Editor’s Note: The following is a guest column written by Jason Tillberg, a Newfield resident and father of two who works at Plum Tree Japanese in Collegetown and writes about economics at seekingalpha.com.

Tillberg’s column is a response to an Ithaca Voice editorial published yesterday, “The U.S. Senate just made the next Simeon’s crash more likely.”

As always, we are willing to republish alternative or dissenting viewpoints. Contact me at jstein@ithacavoice.com.

— Jeff Stein

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Dear Editor,

While I appreciate the concerns for keeping our roads safe, the lifting of the 70 hour work period to 82 hours over 8 days I believe to be a move in the right direction.

Ayn Rand, in her book, Atlas Shrugged, wrote: ..”when you see that in order to produce, you need to obtain permission from those who produce nothing – … you know your society is doomed.”

The Government limiting the truck driver to 70 hours of work over 8 days reminds of that very quote from Atlas Shrugged.

For more objective perspective on this ruling, in 8 days, there are 192 hours. If you figure 8.5 hours of sleep per night and 30 min for hygiene per day, you are left with 122 hours.

For the trucker to work 82 hours over and 8 day period, they are still left with 40 hours in those 8 days on top of their 8.5 of sleep per day and 30 minutes to shower, brush teeth and so on.

What is critical to appreciate is that this ruling keeps in place the limit of working up to 14 hours per day of which 11 hours maximum behind the wheel, so there should be no grave concern for sleep deprived drivers. If they are sleep deprived, that’s their fault for poor time use.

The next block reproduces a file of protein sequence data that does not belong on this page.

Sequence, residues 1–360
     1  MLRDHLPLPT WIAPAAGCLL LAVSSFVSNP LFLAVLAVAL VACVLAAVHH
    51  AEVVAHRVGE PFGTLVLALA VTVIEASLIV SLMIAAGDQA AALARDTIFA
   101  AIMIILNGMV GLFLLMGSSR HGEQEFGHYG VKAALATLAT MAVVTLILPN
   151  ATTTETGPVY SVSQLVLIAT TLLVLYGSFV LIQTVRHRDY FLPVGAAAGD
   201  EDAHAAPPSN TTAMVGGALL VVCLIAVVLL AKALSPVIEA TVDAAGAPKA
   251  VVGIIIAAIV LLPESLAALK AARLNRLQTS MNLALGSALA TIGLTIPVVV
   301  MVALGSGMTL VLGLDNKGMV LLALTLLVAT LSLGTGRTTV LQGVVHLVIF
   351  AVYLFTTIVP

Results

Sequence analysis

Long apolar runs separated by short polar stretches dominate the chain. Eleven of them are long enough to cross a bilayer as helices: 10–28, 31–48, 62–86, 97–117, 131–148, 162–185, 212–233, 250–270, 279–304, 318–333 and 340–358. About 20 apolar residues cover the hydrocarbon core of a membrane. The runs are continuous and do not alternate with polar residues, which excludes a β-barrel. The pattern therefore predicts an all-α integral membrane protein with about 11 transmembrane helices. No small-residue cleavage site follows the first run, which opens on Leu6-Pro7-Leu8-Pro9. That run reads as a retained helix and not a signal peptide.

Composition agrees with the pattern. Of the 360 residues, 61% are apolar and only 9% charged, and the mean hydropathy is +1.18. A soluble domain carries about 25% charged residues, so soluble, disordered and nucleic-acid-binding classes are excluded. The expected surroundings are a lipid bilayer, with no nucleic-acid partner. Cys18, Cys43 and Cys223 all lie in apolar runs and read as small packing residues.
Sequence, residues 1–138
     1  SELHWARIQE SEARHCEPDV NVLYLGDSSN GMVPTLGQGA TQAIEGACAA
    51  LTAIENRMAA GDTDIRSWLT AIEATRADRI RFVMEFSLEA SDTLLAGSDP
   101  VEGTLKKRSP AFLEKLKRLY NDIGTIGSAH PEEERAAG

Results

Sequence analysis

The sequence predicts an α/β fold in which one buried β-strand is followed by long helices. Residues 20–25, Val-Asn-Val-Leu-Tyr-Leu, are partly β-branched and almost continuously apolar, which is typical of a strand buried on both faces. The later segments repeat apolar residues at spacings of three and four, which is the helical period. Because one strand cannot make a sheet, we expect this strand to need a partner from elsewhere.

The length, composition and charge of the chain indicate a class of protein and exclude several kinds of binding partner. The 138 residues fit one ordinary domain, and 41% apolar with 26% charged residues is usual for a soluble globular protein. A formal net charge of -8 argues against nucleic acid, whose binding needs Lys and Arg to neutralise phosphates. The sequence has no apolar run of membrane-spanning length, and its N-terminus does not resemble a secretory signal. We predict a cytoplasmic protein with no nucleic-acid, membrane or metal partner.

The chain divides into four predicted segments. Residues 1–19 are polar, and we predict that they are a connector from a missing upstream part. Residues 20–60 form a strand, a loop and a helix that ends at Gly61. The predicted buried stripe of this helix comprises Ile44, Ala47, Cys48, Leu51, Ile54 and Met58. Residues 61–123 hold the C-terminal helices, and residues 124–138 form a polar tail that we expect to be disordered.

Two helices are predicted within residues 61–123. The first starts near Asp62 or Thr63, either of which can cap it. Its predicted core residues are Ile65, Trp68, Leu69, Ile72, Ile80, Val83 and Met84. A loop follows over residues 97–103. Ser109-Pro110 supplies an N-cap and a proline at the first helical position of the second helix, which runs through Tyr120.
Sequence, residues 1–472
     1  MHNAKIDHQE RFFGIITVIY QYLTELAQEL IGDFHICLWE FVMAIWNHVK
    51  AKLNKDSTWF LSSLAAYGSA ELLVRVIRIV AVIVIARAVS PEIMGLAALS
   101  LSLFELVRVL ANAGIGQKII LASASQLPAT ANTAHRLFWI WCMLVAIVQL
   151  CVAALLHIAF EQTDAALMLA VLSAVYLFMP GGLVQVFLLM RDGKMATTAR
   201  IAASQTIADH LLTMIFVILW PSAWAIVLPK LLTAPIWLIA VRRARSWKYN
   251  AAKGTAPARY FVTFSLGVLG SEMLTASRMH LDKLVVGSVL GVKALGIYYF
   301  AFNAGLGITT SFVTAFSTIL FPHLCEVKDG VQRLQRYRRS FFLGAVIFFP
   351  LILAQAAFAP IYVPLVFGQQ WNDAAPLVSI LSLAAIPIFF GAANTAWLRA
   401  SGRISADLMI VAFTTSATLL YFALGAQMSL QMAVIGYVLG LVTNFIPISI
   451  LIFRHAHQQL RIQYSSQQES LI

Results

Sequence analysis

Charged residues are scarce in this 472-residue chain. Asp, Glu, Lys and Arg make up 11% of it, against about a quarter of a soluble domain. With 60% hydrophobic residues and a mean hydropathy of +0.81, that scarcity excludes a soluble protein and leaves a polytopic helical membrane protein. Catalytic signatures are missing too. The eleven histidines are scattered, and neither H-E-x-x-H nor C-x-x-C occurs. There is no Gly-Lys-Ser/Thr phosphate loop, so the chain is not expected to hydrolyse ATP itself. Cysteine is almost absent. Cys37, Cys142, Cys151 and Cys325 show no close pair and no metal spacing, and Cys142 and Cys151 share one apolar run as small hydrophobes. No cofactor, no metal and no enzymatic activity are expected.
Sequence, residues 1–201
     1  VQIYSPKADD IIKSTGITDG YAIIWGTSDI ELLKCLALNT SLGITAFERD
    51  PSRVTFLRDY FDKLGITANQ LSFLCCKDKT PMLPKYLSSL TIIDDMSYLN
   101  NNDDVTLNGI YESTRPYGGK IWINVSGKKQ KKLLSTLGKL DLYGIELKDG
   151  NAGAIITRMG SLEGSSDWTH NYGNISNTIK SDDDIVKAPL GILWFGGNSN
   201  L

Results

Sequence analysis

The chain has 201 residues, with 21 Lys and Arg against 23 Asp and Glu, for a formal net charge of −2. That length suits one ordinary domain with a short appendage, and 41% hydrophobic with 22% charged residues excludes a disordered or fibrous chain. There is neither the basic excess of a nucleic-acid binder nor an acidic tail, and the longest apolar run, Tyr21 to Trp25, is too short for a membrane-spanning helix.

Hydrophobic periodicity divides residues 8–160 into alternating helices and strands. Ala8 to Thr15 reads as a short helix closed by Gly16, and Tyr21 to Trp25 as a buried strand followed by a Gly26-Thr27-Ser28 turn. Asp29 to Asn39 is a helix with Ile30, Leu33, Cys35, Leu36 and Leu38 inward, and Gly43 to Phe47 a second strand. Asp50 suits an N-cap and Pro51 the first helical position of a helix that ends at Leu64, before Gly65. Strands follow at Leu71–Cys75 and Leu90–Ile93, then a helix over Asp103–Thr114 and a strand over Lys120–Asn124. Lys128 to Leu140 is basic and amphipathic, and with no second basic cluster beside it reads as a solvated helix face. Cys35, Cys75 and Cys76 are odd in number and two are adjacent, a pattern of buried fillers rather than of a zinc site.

14 hours of work still leaves 10 hours per day to get sleep. At 14 hours per day, in 8 days, that would be 112 hour of work,

So no trucker is working 14 hours per day every day and I doubt any trucker would even want to.

This ruling allows the ambitious trucker to make more money for his family and gives his employer more flexibility in managing the employees hours.

It’s very likely also that the trucker is not working 82 per week every week of the year either. The trucker might have some 40 hour weeks when business is slow and the 82 hours weeks when business is busy.

More economic freedom is what our country needs, so I think this ruling is very much in the right direction.

No hourly limit per the Government but discretion of the trucker and his employer on creating limits is the most ideal.

Final word: Why are these rules based on 8 day period and not 7? I would think 7 day week rules would be substantially easier to manage.

Kind Regards,

Jason Tillberg

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Jeff Stein is the founder and former editor of the Ithaca Voice.